What To Do When Gold Recovery and Assay Values Differ
May 2018 by Don Robinson
Before going into an analysis of the ore composition, two other major factors will affect the result. These are the accuracy of the assay and the effectiveness of the mill for the gold recovery.
The fine art of panning heavy sands requires a measure of patience. If you enjoy panning gold, you ought to enjoy this too, once you get the hang of it.
So far this year we have recovered over three pounds of gold and the hard rock veins seem to go on forever. We now have three claims that can produce good enough gold to set up a productive operation.
Because these crevices catch and hold gold so well, it's worthwhile to learn how they form, which ones are good for catching gold and which ones are not.
When I teach people about finding gold, I often explain that it is helpful to think of any river or stream that carries gold as being something like a sluice box.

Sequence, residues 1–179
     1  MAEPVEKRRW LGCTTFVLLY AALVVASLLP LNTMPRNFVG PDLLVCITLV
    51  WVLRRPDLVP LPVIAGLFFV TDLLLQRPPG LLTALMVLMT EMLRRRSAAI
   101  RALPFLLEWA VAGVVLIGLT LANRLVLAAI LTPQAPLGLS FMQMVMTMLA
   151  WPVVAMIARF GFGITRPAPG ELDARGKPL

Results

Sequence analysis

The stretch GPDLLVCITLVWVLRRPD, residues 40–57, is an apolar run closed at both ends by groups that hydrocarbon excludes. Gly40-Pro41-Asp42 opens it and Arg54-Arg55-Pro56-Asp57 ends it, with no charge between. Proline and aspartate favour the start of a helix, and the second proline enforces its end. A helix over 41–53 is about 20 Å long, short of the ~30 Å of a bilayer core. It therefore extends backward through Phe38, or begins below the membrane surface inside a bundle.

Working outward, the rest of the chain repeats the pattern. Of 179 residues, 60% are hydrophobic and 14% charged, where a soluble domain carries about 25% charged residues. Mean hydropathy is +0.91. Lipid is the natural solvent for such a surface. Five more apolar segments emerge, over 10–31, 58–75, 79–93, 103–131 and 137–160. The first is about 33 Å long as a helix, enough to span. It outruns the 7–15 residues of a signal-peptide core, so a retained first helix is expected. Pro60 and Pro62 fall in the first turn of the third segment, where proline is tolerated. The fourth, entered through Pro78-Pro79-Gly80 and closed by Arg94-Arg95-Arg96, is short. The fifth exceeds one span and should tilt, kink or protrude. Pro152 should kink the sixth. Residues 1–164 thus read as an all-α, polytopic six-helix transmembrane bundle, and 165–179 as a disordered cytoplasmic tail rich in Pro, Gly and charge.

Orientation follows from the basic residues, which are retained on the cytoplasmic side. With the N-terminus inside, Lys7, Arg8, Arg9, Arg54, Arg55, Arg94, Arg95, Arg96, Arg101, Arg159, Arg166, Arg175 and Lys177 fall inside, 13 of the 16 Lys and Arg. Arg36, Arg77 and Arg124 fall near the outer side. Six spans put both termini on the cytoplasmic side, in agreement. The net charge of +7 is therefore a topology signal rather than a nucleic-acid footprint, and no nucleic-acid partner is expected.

This is the intelligent way to start modern prospecting. The value of literary research yields challenging outings, specimens, history and geologic research.
Last month I wrote an article entitled “Good Assays and Bad,” which gathered a few comments.
Because quartz and gold may be deposited together across a considerable range of temperatures, not all quartz veins are the same, and there are several different types of gold-quartz deposits.
The Bawl Mill • Ask The Experts - Is this a significant cobalt find? • Ask The Experts - Is this ICOG deposit commercially feasible to mine? • Ask The Experts - How to sell gold specimens • Our Readers Say • Putting Together A Small Free Gold Mill • Feds Sue California over Sales of Public Lands • Legislative and Regulatory Update • Metal Detecting Old Hard Rock Mine Dumps • Because I Said So • Hecla Fights Bad Actor Label in Montana • The Miner’s Switchback • Prepping For A New Season of Gold Hunting • Melman on Gold & Silver • Mining Stock Quotes and Mineral & Metal Prices
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